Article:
n. The treatment used in traditional Chinese medicine involving repeated pressured strokes over lubricated skin with a smooth edge.
''Gua sha'' , meaning "scraping sha-bruises", is a traditional Chinese medical treatment in which the skin is scraped to produce light bruising. Practitioners believe gua sha releases unhealthy elements from injured areas and stimulates blood flow and healing. Gua sha is sometimes referred to as "spooning" or "coining" by English speakers, it has also been given the descriptive French name, tribo- effleurage.
Gua sha was transferred and translated into Vietnamese from China as cạo gió. This term translates roughly "to scrape wind", as in Vietnamese culture "catching a cold" or fever is often referred to as trúng gió, "to catch wind". The origin of this term is the Shang Han Lun, a ~220 CE Chinese Medical text on cold induced disease - like most Asian countries China's medical sciences were a profound influence in Vietnam, especially between the 5th and 7th Centuries CE. Cạo gió is an extremely common remedy in Vietnam and for expatriate Vietnamese. There are many variants of cạo gió. Some methods use oil balm and a coin to apply pressure to the skin. Others use a boiled egg with a coin inserted in the middle of the yolk. The egg is wrapped in a piece of cloth and rubbed over the forehead (in the case of a fever) and other areas of skin. After the rubbing, the coin is removed from the egg and will appear blackened.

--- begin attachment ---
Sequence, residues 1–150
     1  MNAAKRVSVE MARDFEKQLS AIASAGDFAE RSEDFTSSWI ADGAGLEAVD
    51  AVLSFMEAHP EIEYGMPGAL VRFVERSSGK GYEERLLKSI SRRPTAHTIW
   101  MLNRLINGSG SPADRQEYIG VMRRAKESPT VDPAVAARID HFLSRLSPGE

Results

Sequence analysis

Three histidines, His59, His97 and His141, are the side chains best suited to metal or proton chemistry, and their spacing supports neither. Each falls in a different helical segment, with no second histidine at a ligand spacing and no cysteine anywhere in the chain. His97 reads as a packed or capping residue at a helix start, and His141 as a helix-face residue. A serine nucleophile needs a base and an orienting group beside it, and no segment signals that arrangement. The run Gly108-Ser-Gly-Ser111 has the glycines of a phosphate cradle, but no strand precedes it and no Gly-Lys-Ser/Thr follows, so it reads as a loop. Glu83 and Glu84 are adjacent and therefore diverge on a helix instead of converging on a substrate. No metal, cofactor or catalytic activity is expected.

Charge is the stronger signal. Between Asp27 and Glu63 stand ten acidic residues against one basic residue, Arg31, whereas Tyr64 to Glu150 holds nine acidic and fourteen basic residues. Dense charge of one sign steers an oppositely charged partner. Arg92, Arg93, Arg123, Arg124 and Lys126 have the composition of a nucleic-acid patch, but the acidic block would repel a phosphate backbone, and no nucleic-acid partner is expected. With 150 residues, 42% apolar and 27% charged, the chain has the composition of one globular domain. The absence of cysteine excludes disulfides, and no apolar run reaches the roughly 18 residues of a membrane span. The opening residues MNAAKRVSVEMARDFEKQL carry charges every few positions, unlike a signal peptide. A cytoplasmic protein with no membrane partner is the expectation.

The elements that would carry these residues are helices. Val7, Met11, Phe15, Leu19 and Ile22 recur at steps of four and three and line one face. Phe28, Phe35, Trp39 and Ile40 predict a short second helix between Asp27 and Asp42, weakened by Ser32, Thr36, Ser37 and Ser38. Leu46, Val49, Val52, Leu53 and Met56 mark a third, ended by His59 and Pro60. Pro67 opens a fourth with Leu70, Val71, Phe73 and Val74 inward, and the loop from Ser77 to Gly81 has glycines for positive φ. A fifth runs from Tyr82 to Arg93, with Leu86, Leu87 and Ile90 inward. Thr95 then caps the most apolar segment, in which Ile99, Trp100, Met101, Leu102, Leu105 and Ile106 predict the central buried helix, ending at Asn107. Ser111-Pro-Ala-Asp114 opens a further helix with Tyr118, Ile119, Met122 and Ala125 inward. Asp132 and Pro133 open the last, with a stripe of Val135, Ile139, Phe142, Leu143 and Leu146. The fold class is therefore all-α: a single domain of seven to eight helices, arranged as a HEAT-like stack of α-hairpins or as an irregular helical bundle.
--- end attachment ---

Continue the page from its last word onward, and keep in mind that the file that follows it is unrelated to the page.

It is also used in Indonesia, and in Java it is known as kerikan (lit., "scraping technique") or kerokan, and it is very widely used, as a form of folk medicine, upon members of individual households.
It was also used in India for treatment of high fever symptoms. People used metal spoon and water for skin lubrication.